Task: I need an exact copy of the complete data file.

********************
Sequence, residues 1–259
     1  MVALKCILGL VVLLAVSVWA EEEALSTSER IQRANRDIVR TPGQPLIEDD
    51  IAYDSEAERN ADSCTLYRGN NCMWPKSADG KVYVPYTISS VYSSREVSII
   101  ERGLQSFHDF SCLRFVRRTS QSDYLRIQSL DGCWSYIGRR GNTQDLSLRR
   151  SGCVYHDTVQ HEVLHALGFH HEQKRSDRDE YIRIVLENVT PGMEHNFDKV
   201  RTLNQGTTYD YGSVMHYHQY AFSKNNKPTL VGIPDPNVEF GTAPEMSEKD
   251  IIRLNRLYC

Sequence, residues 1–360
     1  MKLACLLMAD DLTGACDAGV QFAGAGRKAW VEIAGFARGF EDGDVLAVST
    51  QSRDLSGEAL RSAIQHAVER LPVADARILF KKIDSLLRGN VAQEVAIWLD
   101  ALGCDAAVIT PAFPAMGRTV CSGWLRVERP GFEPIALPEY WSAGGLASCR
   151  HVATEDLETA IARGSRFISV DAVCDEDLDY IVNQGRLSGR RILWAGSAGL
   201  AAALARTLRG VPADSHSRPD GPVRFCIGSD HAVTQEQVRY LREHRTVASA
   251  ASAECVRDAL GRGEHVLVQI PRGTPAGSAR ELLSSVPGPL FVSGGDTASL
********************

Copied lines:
Sequence, residues 1–259
     1  MVALKCILGL VVLLAVSVWA EEEALSTSER IQRANRDIVR TPGQPLIEDD
    51  IAYDSEAERN ADSCTLYRGN NCMWPKSADG KVYVPYTISS VYSSREVSII
   101  ERGLQSFHDF SCLRFVRRTS QSDYLRIQSL DGCWSYIGRR GNTQDLSLRR
   151  SGCVYHDTVQ HEVLHALGFH HEQKRSDRDE YIRIVLENVT PGMEHNFDKV
   201  RTLNQGTTYD YGSVMHYHQY AFSKNNKPTL VGIPDPNVEF GTAPEMSEKD
   251  IIRLNRLYC

Sequence, residues 1–360
     1  MKLACLLMAD DLTGACDAGV QFAGAGRKAW VEIAGFARGF EDGDVLAVST
    51  QSRDLSGEAL RSAIQHAVER LPVADARILF KKIDSLLRGN VAQEVAIWLD
   101  ALGCDAAVIT PAFPAMGRTV CSGWLRVERP GFEPIALPEY WSAGGLASCR
   151  HVATEDLETA IARGSRFISV DAVCDEDLDY IVNQGRLSGR RILWAGSAGL
   201  AAALARTLRG VPADSHSRPD GPVRFCIGSD HAVTQEQVRY LREHRTVASA
   251  ASAECVRDAL GRGEHVLVQI PRGTPAGSAR ELLSSVPGPL FVSGGDTASL